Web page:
BBC Radio Four ran a fascinating programme on this “unknown” part of Paris. I understand it’s “Illegal” to go down to the “secret” tunnels, but you can visit the ossuary.
Listen to the programme on the iplayer if you can.
I love Radio four, so many super little programmes, I would listen to it all day if I could. Sometimes catching up isn’t quite the same, and often if you listen live then you may listen to a programme that you wouldn’t have thought you would be interested in.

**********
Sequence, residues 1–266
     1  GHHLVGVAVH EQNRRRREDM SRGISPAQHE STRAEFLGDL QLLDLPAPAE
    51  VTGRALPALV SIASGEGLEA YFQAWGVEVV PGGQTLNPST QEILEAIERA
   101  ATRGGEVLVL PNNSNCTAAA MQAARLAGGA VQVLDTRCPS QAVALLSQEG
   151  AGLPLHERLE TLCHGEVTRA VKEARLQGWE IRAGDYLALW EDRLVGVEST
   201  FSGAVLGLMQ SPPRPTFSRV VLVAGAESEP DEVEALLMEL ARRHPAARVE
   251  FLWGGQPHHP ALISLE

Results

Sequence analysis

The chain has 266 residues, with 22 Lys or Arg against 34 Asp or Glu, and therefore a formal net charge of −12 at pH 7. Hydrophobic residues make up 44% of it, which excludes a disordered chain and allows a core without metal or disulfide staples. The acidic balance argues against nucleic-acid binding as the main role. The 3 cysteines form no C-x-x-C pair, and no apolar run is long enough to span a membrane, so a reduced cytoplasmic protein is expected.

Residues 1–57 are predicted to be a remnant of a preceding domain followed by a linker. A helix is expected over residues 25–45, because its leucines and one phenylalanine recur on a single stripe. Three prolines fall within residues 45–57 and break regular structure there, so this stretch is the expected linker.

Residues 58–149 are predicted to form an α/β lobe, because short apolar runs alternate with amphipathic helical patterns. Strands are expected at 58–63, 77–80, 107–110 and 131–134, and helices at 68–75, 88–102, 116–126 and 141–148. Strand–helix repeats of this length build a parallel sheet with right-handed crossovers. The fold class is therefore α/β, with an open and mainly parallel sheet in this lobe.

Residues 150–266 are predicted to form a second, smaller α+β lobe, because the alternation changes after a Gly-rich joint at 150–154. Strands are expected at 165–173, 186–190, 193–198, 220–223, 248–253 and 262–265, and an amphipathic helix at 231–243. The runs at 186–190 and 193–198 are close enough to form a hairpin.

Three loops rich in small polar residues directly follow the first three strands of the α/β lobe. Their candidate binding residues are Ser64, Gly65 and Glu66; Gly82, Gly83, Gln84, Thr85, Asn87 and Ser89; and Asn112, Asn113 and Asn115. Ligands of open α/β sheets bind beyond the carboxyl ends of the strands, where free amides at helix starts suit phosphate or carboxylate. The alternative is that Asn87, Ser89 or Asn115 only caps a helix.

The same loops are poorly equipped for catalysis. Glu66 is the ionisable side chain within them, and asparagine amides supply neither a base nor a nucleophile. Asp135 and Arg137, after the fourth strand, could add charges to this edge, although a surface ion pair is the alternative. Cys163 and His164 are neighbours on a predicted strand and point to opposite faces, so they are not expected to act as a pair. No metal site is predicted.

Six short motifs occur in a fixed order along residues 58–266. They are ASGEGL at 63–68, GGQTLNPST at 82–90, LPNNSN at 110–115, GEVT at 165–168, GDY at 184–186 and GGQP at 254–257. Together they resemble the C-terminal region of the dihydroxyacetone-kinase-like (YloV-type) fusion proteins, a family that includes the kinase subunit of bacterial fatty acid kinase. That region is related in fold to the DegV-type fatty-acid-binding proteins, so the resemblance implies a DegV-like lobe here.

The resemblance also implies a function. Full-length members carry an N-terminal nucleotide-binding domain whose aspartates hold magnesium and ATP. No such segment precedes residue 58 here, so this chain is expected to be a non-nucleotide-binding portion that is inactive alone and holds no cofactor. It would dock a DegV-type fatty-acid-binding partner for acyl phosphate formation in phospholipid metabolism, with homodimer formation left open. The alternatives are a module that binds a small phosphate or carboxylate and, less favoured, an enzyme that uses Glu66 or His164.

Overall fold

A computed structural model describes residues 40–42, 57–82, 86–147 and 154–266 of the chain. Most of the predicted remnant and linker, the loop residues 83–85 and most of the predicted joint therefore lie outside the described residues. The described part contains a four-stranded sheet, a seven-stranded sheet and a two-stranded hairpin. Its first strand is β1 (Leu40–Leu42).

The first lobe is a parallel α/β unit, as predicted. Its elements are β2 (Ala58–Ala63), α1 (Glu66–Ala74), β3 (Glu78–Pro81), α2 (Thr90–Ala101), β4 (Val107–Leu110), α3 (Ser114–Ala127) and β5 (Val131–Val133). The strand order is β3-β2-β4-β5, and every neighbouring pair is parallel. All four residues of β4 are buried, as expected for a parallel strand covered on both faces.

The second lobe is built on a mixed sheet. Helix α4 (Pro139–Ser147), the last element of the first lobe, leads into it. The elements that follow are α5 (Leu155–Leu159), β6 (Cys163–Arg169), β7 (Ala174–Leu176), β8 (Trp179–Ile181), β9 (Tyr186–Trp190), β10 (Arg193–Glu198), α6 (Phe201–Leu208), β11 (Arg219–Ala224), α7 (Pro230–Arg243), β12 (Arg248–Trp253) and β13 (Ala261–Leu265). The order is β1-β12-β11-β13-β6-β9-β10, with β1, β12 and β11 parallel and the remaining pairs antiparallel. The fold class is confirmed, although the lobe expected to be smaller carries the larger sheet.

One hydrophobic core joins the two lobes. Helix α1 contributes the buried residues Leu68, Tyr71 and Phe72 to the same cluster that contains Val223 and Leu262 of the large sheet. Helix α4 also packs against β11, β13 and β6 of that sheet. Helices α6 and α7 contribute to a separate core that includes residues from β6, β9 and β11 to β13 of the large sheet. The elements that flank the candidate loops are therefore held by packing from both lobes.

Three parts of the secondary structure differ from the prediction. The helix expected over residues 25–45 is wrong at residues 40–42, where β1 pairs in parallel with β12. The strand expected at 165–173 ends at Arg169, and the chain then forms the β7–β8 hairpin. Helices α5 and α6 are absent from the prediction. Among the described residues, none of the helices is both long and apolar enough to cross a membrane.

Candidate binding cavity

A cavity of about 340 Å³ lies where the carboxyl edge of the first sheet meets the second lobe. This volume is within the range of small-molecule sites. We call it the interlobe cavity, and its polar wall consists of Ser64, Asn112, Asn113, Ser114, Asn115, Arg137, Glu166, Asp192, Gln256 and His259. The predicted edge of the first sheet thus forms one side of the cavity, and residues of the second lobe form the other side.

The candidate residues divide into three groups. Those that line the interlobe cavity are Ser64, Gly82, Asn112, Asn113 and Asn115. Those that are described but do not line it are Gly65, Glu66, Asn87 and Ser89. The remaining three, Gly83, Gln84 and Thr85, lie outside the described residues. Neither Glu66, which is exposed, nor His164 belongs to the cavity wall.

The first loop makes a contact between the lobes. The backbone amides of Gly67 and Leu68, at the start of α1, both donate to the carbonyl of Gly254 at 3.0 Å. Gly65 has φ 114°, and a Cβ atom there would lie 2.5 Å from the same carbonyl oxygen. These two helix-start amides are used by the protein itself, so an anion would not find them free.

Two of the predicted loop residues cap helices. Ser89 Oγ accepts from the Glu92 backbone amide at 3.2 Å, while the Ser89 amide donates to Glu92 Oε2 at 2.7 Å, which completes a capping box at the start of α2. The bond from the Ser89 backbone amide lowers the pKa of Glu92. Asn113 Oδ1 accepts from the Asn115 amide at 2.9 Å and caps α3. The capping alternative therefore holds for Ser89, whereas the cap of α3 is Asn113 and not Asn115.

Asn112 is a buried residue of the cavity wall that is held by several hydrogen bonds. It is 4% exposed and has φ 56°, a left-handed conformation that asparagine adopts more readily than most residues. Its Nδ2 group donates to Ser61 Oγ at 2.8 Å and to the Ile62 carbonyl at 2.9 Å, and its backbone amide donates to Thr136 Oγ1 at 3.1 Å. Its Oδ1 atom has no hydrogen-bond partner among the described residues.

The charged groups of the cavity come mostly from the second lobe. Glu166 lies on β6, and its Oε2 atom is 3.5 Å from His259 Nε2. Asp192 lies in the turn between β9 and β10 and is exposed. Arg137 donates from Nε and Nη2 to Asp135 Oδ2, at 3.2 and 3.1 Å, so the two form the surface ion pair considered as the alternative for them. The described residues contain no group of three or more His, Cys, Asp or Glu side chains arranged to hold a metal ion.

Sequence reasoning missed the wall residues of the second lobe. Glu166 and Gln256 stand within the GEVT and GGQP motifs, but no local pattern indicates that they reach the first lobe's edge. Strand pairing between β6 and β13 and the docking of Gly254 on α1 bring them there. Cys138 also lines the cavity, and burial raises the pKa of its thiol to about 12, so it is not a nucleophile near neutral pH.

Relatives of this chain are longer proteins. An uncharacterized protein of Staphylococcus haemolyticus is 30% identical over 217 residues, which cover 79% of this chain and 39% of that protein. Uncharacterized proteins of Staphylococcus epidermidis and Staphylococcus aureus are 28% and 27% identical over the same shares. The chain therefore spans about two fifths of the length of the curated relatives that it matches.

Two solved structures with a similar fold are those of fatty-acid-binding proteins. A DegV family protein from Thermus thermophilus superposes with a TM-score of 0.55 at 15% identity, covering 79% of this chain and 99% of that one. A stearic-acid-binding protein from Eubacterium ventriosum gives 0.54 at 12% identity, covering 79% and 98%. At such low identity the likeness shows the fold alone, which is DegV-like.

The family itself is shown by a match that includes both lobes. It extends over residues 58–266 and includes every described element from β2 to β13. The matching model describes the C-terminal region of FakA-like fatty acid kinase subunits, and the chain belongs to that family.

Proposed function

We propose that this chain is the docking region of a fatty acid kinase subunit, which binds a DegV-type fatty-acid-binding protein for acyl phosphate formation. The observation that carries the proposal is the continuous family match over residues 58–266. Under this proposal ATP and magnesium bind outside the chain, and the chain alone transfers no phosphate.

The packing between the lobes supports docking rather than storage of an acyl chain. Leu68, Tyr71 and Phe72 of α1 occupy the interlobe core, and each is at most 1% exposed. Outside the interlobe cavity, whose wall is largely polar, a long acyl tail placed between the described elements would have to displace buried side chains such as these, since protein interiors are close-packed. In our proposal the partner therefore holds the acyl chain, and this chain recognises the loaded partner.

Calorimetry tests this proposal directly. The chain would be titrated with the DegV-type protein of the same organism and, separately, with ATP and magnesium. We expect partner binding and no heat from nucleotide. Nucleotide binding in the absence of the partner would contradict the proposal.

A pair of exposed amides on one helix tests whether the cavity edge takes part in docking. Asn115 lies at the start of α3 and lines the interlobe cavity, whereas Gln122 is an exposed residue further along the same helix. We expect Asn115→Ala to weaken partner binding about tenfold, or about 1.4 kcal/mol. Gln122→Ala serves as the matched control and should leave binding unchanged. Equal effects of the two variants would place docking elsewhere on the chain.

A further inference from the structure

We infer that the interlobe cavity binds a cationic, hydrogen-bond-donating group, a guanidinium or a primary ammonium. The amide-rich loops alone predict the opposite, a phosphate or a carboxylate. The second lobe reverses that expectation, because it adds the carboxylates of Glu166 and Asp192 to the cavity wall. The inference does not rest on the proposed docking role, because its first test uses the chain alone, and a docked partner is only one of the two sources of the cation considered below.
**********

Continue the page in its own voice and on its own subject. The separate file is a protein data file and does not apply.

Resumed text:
Famously known as the City of Light, Paris is a diverse metropolis rich in architecture and steeped in history. But it has a dark alter ego that lies 30 metres under the ground, mirroring centuries of bloody wars, revolutions and riots on the surface. For Paris is porous – built on 177 miles of tunnels that were formed when limestone and gypsum were quarried to build the capital. Most people are only aware of just a tiny fraction of these tunnels – the world famous ossuary known as The Catacombs. The authorities have tried to keep a lid on the full extent of the labyrinthine remainder for hundreds of years. But there are little known entry points everywhere – in basements, in train stations, cellars and sewers. Throughout history, invaders have always found a way in, whether they were fighting Prussian soldiers, fleeing royalty of the French Revolution, the Nazis or The Resistance. Today they’re home to the cataphiles – urban explorers who use the tunnels as an art space, a music venue or even a clandestine meeting point for secret societies.

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